The weekend’s unionist violence was preceded last Thursday by assurances in Belfast from Foreign Minister Dermot Ahern that the Irish govenment is serious about defending the rights of its citizens in the North.

Those comments came just hours after President Mary McAleese publicly embraced the most senior UDA/UFF member in south Belfast.

During his meeting with SDLP members from across the North last Thursday, Dermot Ahern heard first-hand accounts of “escalating” unionist and loyalist violence.

In the wake of the weekend’s onslaught, Ballymena councillor Declan O’Loan, who had met Mr Ahern, commented: “The events of yesterday (Saturday) and last night call into question the entire behaviour of the unionist political sector. There needs to be a thorough government response to that.”

During a separate meeting with a senior Sinn Féin delegation last Thursday, Mr Ahern heard significant concern about the failure by both the Irish and British governments to address unionist violence.

Assembly member Gerry Kelly, who met Mr Ahern, said yesterday that both the Democratic Unionist Party and the UUP need to demonstrate “leadership which is compatible with the peace process”.

“We have unionist leaders creating a vacuum by refusing to talk to other political representatives such as Sinn Féin. Ian Paisley, who is now the head man in unionism, needs to do something about this,” Mr Kelly said.

The DUP leader Ian Paisley echoed Sir Reg Empey’s line. Mr Paisley attributed difficulties in the unionist community to the actions of republicans and the British government.

“I am convinced that a shoddy deal between the goverment and the IRA is now in place and there will soon be an attempt to make people believe that the IRA is peaceful and democratic and that they have given up all their arms. We will have none of it,” Mr Paisley said.

Reg Empey claimed yesterday that the British government “knew on Friday that there was going to be serious violence coming from paramilitary elements”.

“The police knew this also,” Mr Empey added.

Given that both the DUP and UUP openly sit on various committees and forums with leading paramilitaries, both parties now have a finger on the pulse of all elements of unionism.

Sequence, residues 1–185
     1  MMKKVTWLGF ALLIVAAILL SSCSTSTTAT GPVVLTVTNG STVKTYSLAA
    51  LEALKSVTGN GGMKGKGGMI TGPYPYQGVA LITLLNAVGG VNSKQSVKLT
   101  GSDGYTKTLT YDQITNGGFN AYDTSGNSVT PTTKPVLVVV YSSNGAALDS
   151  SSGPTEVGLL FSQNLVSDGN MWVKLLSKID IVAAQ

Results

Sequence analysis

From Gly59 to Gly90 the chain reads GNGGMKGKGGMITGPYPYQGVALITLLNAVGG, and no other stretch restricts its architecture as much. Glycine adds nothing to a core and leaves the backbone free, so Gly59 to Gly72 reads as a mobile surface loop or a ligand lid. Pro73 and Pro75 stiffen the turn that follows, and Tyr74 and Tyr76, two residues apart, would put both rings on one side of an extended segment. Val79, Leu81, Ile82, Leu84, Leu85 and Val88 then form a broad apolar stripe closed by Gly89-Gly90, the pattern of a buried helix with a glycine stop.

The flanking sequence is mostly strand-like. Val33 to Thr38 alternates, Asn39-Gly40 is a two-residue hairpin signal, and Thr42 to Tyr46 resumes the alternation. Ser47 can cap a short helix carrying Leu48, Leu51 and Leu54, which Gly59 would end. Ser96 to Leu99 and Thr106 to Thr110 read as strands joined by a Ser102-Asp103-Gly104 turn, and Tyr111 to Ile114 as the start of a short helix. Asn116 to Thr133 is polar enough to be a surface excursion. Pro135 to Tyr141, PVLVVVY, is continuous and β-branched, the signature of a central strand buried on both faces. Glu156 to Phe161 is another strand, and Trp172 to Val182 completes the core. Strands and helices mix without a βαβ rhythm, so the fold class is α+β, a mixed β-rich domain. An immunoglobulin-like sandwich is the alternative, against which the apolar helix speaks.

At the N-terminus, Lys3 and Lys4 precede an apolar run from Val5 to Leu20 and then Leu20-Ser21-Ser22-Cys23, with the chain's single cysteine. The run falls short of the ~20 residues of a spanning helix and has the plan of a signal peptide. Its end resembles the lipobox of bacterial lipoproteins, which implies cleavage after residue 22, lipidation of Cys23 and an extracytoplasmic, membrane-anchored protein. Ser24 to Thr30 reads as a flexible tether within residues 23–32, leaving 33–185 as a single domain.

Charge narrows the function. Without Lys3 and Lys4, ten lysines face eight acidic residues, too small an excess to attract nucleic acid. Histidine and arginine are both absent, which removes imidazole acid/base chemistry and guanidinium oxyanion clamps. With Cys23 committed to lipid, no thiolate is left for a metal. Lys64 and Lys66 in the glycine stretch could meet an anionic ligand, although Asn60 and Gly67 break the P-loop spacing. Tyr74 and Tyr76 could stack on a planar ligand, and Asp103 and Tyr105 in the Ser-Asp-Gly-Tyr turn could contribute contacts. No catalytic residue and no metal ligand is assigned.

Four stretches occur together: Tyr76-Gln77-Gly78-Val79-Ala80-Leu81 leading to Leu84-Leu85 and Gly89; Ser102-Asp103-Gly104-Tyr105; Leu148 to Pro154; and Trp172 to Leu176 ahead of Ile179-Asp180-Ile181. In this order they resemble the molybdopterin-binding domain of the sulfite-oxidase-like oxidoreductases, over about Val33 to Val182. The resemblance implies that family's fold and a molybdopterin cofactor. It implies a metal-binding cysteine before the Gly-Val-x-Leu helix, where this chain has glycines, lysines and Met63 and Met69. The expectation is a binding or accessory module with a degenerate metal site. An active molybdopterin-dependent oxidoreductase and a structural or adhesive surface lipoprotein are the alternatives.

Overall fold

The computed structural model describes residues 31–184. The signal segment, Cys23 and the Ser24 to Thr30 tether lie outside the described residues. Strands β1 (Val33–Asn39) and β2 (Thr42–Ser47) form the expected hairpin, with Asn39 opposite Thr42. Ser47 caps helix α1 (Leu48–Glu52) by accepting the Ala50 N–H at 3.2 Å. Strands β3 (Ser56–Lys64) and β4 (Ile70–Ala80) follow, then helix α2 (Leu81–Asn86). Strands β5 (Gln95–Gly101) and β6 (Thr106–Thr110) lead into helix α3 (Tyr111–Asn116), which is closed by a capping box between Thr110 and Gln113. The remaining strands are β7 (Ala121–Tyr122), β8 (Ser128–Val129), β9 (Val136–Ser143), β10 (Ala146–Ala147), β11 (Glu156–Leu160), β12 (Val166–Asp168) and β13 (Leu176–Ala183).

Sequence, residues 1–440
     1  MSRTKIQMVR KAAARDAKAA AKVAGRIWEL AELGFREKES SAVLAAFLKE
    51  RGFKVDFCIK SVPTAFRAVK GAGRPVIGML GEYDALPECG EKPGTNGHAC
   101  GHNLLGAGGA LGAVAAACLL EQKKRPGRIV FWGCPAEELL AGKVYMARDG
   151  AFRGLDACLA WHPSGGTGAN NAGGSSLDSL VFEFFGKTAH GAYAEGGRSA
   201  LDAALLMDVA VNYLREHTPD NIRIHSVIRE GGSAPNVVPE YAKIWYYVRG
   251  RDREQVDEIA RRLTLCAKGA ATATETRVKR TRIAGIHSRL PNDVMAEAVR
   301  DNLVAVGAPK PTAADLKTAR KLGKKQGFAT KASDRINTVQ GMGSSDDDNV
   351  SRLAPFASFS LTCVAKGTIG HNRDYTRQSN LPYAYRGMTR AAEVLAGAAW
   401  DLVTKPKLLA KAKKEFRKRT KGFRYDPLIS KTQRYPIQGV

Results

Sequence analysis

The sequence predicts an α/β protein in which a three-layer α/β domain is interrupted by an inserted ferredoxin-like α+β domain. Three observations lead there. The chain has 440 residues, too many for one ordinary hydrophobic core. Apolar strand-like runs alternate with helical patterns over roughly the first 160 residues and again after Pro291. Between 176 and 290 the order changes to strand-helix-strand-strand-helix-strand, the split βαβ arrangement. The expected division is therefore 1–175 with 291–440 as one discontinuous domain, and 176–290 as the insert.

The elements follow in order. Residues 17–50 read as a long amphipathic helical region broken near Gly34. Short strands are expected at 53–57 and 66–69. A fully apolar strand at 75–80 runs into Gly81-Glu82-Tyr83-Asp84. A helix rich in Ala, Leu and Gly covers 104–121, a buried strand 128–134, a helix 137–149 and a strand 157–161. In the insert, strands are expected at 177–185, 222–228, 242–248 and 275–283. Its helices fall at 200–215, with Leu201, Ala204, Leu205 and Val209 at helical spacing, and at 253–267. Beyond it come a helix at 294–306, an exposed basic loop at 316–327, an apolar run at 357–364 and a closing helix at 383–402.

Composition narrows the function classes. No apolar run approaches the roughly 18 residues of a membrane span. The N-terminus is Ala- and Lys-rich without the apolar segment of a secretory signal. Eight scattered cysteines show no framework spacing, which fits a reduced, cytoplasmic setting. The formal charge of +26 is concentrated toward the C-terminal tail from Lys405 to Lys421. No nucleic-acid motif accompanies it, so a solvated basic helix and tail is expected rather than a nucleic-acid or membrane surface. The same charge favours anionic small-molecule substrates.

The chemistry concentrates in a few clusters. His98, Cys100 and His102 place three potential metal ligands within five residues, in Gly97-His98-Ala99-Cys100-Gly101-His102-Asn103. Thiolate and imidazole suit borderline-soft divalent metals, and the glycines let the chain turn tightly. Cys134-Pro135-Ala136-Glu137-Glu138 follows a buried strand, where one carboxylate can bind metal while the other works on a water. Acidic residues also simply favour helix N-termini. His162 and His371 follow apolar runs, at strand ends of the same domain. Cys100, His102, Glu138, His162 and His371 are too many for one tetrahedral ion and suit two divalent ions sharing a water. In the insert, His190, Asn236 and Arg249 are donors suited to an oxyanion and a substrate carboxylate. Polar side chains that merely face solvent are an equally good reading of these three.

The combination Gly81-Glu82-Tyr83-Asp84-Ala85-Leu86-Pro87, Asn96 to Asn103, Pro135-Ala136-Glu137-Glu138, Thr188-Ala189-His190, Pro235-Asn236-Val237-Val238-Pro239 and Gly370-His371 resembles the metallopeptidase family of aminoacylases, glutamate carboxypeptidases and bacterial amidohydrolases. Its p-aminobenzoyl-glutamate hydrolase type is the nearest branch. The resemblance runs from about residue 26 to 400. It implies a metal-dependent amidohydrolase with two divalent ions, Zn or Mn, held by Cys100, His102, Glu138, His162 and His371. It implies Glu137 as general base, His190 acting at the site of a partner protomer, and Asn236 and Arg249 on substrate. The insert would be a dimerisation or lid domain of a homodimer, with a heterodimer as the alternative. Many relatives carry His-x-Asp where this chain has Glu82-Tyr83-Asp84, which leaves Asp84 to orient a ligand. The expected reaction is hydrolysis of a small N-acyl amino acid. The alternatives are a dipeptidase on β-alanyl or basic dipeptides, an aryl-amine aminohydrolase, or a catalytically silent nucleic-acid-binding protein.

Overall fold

However, both parties are concurrently refusing to recognise the democratic imperative of respecting Sinn Féin’s substantial mandate, through, for instance, direct dialogue or shared government in the North.

That is the societal context within which the current anti-Catholic sectarian campaign is festering.

While there is no question of Ian Paisley or Reg Empey engaging in violence, both the DUP and UUP alluded in advance to the prospect of serious disturbances over the weekend.

It is significant that both parties jointly voiced such predictions to the British government, the PSNI and the media beforehand.

The historic role of elements within the British government – such as the NIO, army intelligence and PSNI/RUC Special Branch – in strategically fomenting the activities of unionist paramilitaries is well documented.

Given that role, it is perhaps even more instructive that unionist paramilitary activity has incrementally intensified over the last three months.

With unionist political parties now predicting an almighty deluge against the final implementation of the Good Friday Agreement, could it be that there are just as many rainmakers within unionist civic, political and policing circles – such as the NIO and Special Branch – as there are within the knuckle-dragging ranks of unionist paramilitarism?

Police arrest 63 after violence

What will emerge out of the ashes?

Leaders keeping unionists in fear